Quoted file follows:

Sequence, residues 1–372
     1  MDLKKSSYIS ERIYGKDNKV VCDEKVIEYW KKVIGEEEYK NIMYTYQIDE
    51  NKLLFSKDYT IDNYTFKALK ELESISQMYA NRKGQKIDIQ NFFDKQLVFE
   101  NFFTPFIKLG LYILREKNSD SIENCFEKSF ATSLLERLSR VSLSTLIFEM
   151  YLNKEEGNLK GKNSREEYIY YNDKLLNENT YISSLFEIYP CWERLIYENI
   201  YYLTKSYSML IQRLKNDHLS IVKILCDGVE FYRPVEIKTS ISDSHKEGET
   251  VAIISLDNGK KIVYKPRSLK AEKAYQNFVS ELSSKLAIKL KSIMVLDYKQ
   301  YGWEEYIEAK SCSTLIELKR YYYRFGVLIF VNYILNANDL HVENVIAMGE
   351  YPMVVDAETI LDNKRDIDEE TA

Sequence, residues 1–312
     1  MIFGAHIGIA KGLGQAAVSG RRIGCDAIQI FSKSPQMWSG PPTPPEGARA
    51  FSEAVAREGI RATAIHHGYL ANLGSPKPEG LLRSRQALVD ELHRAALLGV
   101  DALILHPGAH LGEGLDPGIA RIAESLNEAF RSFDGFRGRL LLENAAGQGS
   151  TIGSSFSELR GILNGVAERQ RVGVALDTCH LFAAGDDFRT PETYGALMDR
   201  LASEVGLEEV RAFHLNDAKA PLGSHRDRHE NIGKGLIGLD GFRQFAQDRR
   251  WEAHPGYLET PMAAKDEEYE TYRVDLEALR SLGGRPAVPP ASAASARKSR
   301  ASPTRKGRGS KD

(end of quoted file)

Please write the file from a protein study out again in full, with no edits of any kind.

Sequence, residues 1–372
     1  MDLKKSSYIS ERIYGKDNKV VCDEKVIEYW KKVIGEEEYK NIMYTYQIDE
    51  NKLLFSKDYT IDNYTFKALK ELESISQMYA NRKGQKIDIQ NFFDKQLVFE
   101  NFFTPFIKLG LYILREKNSD SIENCFEKSF ATSLLERLSR VSLSTLIFEM
   151  YLNKEEGNLK GKNSREEYIY YNDKLLNENT YISSLFEIYP CWERLIYENI
   201  YYLTKSYSML IQRLKNDHLS IVKILCDGVE FYRPVEIKTS ISDSHKEGET
   251  VAIISLDNGK KIVYKPRSLK AEKAYQNFVS ELSSKLAIKL KSIMVLDYKQ
   301  YGWEEYIEAK SCSTLIELKR YYYRFGVLIF VNYILNANDL HVENVIAMGE
   351  YPMVVDAETI LDNKRDIDEE TA

Sequence, residues 1–312
     1  MIFGAHIGIA KGLGQAAVSG RRIGCDAIQI FSKSPQMWSG PPTPPEGARA
    51  FSEAVAREGI RATAIHHGYL ANLGSPKPEG LLRSRQALVD ELHRAALLGV
   101  DALILHPGAH LGEGLDPGIA RIAESLNEAF RSFDGFRGRL LLENAAGQGS
   151  TIGSSFSELR GILNGVAERQ RVGVALDTCH LFAAGDDFRT PETYGALMDR
   201  LASEVGLEEV RAFHLNDAKA PLGSHRDRHE NIGKGLIGLD GFRQFAQDRR
   251  WEAHPGYLET PMAAKDEEYE TYRVDLEALR SLGGRPAVPP ASAASARKSR
   301  ASPTRKGRGS KD